Ronda Rousey's loss to Holly Holm on Saturday night got more mainstream coverage and water cooler talk than any fight in UFC history.
Whether it was Australia, the U.K., North America and other places in the world, it was among the leading sports stories of the weekend. Over the weekend, the name Ronda Rousey got 15 million Google searches, an all-time record for the promotion and more than anything else except the Paris terrorist attack. That's Mayweather-Pacquiao levels of public interest. For a comparison, only one football trend over the weekend, "Seahawks," did more than 500,000 searches.
The big question coming out is what does the upset mean in the big picture.
It's a hard question to answer because Rousey's popularity was completely different from any UFC fighter to date, reaching a women's audience that normally wouldn't even follow UFC. A recent Nielsen survey claimed that Rousey fans are more likely to be interested in Extreme Sports, the NBA, boxing and even WWE than UFC in general. But a few times a year, Rousey brought them in, which is why everything related to her from pay-per-view buys to social media interest trends far higher than any other fighter on the roster.
There are a lot of reasons for her appeal. There are the looks. There is the outspoken personality who understands and works hard at promotion, both of herself and her fights. But the key reason it worked was because the company got behind her in a big way, and she upheld her part in ways a company could only dream of with her continual quick victories.
Even three years ago, the idea a woman's fight could headline a stadium show and draw 50,000 fans, even in a hot new market like Melbourne, would have been unheard of, let alone the kind of pay-per-view numbers she has delivered.
The normal rule of thumb in sports is that one loss doesn't hurt. Everyone loses in sports at some point (well, except Floyd Mayweather). Historically, for the UFC, one loss has never fully killed a drawing card.
Brock Lesnar lost his first UFC fight and came back to be a monster draw. Georges St-Pierre and B.J. Penn were far bigger draws after their first losses than before. Chuck Liddell lost several times and drew until the end of his career. Anderson Silva's biggest pay-per-view number was the rematch after his loss to Chris Weidman. Mike Tyson remained a gigantic pay-per-view draw a dozen years after his loss to Buster Douglas.
But the key in most of those situations, and you can argue only with Tyson it wasn't as relevant, became the opponent, and remaining in the title picture. Liddell did well with name fighters, but not nearly so well when matched with Keith Jardine. Penn's drawing power fell after he fall out of the title picture. Lesnar's numbers fall greatly after losing the title to Cain Velasquez, when he faced Alistair Overeem, but some of that may have been the UFC running a show on a rare Friday night.
But again, those numbers are from people who were fight fans, and not people who were fans of a female sports personality. Rousey is closer to the "in-girl" in sports, whose activity just happened to be MMA rather than a hero to women that are fight fans. There is a huge difference. Most of those fans are likely to be gone from MMA when she's not fighting.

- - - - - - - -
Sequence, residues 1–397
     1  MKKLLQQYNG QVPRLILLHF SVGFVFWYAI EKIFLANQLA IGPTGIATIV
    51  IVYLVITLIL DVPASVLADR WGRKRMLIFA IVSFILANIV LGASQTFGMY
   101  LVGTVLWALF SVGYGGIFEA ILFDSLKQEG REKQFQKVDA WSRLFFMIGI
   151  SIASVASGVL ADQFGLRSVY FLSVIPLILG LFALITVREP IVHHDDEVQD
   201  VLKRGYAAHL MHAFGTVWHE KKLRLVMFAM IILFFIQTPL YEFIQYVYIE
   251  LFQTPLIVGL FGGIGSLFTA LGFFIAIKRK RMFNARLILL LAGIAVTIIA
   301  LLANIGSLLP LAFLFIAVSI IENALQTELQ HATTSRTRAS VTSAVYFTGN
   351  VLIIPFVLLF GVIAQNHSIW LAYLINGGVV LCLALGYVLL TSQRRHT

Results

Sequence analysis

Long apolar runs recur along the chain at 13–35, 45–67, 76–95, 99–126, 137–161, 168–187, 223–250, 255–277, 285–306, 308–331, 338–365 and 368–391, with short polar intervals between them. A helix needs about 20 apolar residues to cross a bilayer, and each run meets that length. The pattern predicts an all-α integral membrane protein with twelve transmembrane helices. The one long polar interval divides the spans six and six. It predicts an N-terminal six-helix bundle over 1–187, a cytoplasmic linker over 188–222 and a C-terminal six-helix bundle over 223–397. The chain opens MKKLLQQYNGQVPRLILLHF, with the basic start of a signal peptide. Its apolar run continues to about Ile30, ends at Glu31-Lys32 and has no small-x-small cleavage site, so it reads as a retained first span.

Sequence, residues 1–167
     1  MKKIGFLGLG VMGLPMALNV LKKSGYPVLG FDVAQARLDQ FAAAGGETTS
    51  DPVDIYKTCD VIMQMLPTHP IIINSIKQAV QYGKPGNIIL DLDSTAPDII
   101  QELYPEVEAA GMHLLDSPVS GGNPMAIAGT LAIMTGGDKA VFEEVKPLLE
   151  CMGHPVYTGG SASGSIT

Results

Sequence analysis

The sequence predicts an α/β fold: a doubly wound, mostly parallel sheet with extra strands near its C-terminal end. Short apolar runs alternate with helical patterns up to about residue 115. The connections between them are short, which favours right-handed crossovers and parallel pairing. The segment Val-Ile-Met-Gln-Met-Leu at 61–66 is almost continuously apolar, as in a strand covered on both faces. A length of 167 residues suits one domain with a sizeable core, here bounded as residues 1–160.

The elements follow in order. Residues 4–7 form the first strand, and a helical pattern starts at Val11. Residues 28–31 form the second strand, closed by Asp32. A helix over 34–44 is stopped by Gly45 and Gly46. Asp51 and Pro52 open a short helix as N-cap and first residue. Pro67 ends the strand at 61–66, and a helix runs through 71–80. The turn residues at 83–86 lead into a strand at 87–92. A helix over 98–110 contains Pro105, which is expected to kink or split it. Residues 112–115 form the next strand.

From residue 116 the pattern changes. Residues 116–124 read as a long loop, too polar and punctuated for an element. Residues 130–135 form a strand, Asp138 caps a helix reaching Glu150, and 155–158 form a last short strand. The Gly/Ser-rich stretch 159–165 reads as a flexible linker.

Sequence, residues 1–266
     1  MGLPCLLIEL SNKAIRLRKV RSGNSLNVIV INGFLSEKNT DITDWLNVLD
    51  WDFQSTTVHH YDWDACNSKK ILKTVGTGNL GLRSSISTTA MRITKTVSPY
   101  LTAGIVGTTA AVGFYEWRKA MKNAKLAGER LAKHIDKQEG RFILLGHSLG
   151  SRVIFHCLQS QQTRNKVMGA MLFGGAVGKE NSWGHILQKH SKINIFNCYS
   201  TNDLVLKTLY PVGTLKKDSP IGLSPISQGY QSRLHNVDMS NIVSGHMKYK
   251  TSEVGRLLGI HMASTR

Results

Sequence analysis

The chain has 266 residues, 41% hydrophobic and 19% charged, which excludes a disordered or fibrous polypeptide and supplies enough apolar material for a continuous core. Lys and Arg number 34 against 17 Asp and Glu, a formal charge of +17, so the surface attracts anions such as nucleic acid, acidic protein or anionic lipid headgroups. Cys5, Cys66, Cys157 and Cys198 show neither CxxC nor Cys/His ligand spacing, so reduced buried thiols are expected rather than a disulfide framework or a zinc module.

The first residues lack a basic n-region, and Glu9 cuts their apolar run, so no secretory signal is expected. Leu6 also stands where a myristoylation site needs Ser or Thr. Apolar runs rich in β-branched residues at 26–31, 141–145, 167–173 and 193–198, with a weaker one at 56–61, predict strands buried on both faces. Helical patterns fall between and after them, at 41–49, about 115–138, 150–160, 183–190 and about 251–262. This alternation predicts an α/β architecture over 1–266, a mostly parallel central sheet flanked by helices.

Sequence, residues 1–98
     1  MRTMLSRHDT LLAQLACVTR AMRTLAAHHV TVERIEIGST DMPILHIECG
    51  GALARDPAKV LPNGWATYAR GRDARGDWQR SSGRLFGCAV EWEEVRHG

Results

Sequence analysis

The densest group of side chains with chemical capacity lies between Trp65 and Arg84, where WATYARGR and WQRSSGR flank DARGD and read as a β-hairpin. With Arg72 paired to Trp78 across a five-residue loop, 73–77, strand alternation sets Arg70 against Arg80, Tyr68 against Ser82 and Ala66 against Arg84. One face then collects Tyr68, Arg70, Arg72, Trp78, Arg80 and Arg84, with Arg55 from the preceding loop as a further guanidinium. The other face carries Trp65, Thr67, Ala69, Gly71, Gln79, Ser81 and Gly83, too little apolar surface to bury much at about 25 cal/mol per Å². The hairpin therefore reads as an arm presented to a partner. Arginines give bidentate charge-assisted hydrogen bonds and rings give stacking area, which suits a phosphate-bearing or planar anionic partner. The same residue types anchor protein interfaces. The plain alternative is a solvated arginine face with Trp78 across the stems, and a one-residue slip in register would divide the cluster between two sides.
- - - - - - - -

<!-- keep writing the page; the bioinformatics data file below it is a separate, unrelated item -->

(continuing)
Will they be interested in her comeback fight with Holm? Probably, even more than any of her fights to date, but winning that one may be the breaking point. Being unbeatable was part of her aura, but regaining the title after a devastating loss could add to her appeal. But will they be interested in her to the point of buying pay-per-views when she's no longer a contender? That's impossible to say, and there are questions whether she'll even continue to fight in that situation.
For that reason, the rematch, particularly if it's at UFC 200, a show likely to have far more of a loaded undercard than any previous Rousey event, should be one of the two biggest pay-per-views the company has ever done. It's also the one where the main event result will have the largest future dollar implications
Going forward, Rousey has her back against the wall. But she's also got endless doors open to her outside of fighting as she remains a personality to the public.
In the short term, the biggest loser is Cris Cyborg, who with one kick to the jaw went from the dream opponent for the biggest fight of 2015, to someone who is going to be patient a lot longer. Now, she has to either hope Rousey wins, and she gets the next shot, in which case it's a waiting game, or hope Rousey will face her in a non-championship fight if Rousey loses. And in that situation, the fight will still be big, but nowhere near what it could have been.
Let's look at how fortunes changed for the stars of UFC 193.
HOLLY HOLM - No fighter in UFC history has ever gained more with a win than Holm. While people have won championships and become big stars, in most cases they were far bigger stars going in. Holm hadn't wowed crowds in her previous UFC appearances. On this show, whatever appeal she brought to the table past being Rousey's expected next victim, was her boxing championship credentials.
Now, she's the first person ever to win championships at the top level in both boxing and MMA and she's expected to be headlining what should be the biggest women's fight in any combat sport in world history.